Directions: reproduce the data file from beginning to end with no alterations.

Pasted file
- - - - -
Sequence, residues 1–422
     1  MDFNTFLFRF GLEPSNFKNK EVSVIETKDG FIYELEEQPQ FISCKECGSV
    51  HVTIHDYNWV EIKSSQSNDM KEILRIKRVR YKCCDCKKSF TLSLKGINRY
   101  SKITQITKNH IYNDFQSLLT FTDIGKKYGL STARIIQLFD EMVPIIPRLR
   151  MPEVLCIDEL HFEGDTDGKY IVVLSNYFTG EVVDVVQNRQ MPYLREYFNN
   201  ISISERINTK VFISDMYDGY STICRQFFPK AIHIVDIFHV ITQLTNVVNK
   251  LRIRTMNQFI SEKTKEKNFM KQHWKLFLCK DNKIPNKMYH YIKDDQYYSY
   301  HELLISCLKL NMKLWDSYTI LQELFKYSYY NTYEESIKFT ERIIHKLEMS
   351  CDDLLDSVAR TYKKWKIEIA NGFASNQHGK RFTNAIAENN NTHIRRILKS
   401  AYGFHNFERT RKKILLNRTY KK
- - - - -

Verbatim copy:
Sequence, residues 1–422
     1  MDFNTFLFRF GLEPSNFKNK EVSVIETKDG FIYELEEQPQ FISCKECGSV
    51  HVTIHDYNWV EIKSSQSNDM KEILRIKRVR YKCCDCKKSF TLSLKGINRY
   101  SKITQITKNH IYNDFQSLLT FTDIGKKYGL STARIIQLFD EMVPIIPRLR
   151  MPEVLCIDEL HFEGDTDGKY IVVLSNYFTG EVVDVVQNRQ MPYLREYFNN
   201  ISISERINTK VFISDMYDGY STICRQFFPK AIHIVDIFHV ITQLTNVVNK
   251  LRIRTMNQFI SEKTKEKNFM KQHWKLFLCK DNKIPNKMYH YIKDDQYYSY
   301  HELLISCLKL NMKLWDSYTI LQELFKYSYY NTYEESIKFT ERIIHKLEMS
   351  CDDLLDSVAR TYKKWKIEIA NGFASNQHGK RFTNAIAENN NTHIRRILKS
   401  AYGFHNFERT RKKILLNRTY KK